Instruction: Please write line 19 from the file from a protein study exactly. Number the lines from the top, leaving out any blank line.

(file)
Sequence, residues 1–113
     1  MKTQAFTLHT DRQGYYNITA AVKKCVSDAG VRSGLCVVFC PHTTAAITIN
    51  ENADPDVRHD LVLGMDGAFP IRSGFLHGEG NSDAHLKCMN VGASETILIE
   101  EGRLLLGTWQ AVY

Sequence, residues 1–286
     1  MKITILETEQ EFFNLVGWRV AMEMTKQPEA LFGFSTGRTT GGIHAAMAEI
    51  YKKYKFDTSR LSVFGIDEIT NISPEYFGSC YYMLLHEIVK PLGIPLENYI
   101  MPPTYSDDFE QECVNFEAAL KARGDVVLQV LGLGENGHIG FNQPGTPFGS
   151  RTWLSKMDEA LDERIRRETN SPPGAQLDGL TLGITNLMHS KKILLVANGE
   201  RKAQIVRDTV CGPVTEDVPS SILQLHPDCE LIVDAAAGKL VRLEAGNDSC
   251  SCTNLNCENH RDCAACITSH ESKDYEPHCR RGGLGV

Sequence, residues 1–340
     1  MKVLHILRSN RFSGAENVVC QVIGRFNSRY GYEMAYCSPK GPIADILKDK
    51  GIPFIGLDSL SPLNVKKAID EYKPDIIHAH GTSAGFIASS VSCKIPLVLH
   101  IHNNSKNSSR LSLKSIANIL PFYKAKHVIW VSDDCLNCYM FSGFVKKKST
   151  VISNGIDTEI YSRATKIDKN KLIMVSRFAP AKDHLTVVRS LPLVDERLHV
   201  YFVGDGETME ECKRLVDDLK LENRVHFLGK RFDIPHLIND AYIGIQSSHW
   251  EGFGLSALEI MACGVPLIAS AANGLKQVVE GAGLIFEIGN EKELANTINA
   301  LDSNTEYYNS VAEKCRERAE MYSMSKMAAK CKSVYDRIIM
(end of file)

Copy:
   301  LDSNTEYYNS VAEKCRERAE MYSMSKMAAK CKSVYDRIIM